You might recall the trio of writers who last year said they got academic journals to publish ridiculous "fake studies"in order to expose the "biased academic left."
James Lindsay, Peter Boghossian, and Helen Pluckrose revealed in a USA Today op-ed that seven of their papers — among them an adaptation of Adolf Hitler's "Mein Kampf," a look at "fat bodybuilding" for a discipline called "fat studies," as well as one that addressed "rape culture" by "monitoring dog-humping incidents at dog parks in Southeast Portland, Oregon" — were accepted by various journals.
James Lindsay and Helen PluckroseImage source: YouTube screenshot
Reason's John Stossel said he tried to talk to the journals' editors to find out how they got fooled, but none of them wanted to — except for Roberto Refinetti, editor in chief of Sexuality and Culture. His journal published the fake study titled, "Going in Through the Back Door: Challenging Straight Male Homohysteria, Transhysteria, and Transphobia Through Receptive Penetrative Sex Toy Use."
What did the editor have to say?
First off, props to Refinetti for stepping up and letting Stossel grill him on camera when the other six editors refused to endure the heat.
Refinetti told Stossel the trio of writers who pulled off the hoax are the ones at fault: "You're deceiving people without much of a reason." Stossel, however, disagreed and said they had quite a valid point: "Their hoax woke us up to the fact that some academic journals publish nonsense."
Underscoring Stossel's point was Refinetti himself, who noted that the premise of the trio's fake paper that made it into Sexuality and Culture is "nothing really absurd or unusual."
"What is the problem with [the subject of the paper]?" Refinetti asked Stossel. "I don't see a problem."
In other words, much of what passes for scholarship reads similarly to the fake study Refinetti was duped into accepting and publishing. Lindsay, Boghossian, and Pluckrose said "grievance studies" have been "corrupted by a form of political activism that puts political grievances ahead of finding truth."
Indeed, the trio's paper that Sexuality and Culture published championed the notion of "encouraging male anal eroticism with sex toys" in order to turn men more feminist, Reason noted. And Refinetti apparently couldn't tell it was made up.
And that goes for Sexuality and Culture's reviewers who gave the fake paper glowing endorsement — one of them called it "an incredibly rich and exciting contribution...timely, and worthy of publication," the outlet said.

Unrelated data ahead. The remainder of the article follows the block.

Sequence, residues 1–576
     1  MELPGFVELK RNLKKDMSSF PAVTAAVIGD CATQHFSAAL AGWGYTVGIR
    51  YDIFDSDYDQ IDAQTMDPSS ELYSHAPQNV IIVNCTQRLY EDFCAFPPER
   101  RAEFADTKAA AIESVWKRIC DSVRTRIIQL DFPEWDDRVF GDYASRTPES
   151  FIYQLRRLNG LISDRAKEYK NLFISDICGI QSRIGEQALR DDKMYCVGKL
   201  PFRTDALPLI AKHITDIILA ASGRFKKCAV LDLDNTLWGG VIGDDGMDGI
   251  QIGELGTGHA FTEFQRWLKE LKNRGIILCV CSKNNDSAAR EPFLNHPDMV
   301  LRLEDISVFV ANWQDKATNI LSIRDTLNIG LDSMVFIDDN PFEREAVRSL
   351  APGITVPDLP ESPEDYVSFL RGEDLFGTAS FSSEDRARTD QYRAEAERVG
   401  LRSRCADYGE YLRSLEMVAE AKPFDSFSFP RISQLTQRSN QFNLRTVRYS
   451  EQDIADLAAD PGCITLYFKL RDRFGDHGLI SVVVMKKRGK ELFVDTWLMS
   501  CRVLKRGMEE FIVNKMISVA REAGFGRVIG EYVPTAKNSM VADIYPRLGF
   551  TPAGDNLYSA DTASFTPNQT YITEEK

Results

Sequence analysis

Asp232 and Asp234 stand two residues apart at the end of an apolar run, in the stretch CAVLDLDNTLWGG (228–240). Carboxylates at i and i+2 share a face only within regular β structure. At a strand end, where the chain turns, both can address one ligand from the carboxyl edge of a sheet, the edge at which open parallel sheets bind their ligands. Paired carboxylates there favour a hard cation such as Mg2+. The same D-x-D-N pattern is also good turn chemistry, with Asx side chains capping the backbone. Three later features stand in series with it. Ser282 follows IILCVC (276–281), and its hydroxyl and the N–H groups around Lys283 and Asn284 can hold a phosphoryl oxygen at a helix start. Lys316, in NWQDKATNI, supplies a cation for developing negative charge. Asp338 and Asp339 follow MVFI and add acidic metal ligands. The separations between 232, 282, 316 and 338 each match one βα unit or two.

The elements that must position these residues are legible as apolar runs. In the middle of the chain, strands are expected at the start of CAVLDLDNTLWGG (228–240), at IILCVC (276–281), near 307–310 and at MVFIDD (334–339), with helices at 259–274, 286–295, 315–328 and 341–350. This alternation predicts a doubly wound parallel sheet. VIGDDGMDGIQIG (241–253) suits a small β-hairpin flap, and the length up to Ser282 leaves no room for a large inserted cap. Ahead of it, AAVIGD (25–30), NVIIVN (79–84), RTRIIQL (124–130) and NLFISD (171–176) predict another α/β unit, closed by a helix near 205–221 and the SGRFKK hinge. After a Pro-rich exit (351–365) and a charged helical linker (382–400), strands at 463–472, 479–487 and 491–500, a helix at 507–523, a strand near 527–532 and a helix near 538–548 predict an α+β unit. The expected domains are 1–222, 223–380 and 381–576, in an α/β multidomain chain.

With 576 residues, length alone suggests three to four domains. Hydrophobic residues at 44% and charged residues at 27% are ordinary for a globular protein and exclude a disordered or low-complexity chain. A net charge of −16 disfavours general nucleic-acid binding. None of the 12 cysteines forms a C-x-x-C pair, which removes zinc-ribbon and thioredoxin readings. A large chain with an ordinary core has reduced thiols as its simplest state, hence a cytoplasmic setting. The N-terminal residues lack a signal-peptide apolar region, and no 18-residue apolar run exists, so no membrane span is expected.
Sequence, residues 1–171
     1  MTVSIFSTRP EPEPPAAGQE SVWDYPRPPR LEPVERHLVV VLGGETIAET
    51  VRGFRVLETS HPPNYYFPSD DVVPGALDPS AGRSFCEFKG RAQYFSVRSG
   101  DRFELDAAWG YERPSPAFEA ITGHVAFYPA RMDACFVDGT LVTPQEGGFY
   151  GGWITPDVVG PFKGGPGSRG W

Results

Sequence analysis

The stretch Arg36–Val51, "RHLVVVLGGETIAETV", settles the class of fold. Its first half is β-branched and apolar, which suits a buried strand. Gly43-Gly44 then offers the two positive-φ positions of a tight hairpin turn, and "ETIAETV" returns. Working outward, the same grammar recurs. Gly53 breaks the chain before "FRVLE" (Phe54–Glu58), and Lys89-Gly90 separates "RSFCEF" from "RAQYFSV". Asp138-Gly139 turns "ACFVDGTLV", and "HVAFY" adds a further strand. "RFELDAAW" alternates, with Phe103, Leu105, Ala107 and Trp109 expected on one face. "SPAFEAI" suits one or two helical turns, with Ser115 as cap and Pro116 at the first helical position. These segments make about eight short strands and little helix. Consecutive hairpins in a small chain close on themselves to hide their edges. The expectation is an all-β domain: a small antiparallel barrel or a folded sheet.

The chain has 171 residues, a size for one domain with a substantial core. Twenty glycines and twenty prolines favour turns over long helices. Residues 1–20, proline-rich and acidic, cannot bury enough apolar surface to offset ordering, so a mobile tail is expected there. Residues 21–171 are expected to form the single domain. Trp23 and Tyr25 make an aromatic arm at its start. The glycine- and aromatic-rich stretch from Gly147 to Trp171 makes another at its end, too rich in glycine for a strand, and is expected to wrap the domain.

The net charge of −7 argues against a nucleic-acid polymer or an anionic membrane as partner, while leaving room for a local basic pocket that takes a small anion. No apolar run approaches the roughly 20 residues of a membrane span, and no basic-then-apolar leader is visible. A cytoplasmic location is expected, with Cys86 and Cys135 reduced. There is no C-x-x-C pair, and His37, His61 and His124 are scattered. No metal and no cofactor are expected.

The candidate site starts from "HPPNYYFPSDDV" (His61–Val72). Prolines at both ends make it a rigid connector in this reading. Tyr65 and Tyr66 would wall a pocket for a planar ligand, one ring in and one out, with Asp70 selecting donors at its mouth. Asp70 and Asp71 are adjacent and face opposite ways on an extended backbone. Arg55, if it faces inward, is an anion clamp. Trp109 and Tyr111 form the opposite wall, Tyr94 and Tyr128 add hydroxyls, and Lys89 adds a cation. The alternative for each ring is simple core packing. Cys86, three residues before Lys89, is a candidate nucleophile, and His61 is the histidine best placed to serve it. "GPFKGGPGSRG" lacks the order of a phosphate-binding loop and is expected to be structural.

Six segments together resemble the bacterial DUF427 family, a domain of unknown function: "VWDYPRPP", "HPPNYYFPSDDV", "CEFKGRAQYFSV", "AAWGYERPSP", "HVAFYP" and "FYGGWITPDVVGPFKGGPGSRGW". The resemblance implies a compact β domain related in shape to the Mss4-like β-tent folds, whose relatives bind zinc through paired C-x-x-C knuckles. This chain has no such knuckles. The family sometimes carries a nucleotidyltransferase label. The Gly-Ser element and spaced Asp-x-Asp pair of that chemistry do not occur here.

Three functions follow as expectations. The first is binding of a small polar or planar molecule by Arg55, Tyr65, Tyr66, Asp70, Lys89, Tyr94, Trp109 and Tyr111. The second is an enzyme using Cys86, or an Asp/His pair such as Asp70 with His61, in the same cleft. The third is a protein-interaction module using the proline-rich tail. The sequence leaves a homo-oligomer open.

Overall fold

'Which is what being a liberal is'
When Stossel pointed out to Refinetti that lack of diversity in academia — to wit a National Association of Scholars report said professors at top liberal arts colleges are 10 times more likely to be Democrats than Republicans, the outlet said — Refinetti didn't disagree.
"I think it's very reasonable — because what is the job of learning?" he told Stossel, adding that it's "being more open to new ideas, which is what being a liberal is."
But Stossel wasn't buying it: "This is your left-leaning definition; it's conservatives that proposed changes like school vouchers ... privatizing air traffic control."
Refinetti conceded it is an "interesting point. Then the hypothesis is shut down. See, that's how things work. You show the idea, you discuss the idea, and get it." He added that Sexuality and Culture doesn't publish studies only coming from the left.
Boghossian — a Portland State University philosophy of education professor and one of the authors who created the fake studies — said his employers launched a disciplinary review against him over the project.
Peter BoghossianImage source: YouTube screenshot
"PSU, like many college campuses, is becoming an ideological community, and I've demonstrated that I don't fit the mold," he told Willamette Week in a January statement. "I truly hope the administration puts its institutional weight behind the pursuit of truth, but I've been given no indication that's what they intend to do."
A public relations team working with Boghossian released statements of support from academic "free thinkers," including Richard Dawkins and Jordan Peterson, Willamette Week added.
"If the members of your committee of inquiry object to the very idea of satire as a form of creative expression they should come out honestly and say so," Dawkins wrote, the outlet said. "But to pretend that this is a matter of publishing false data is so obviously ridiculous that one cannot help suspecting an ulterior motive."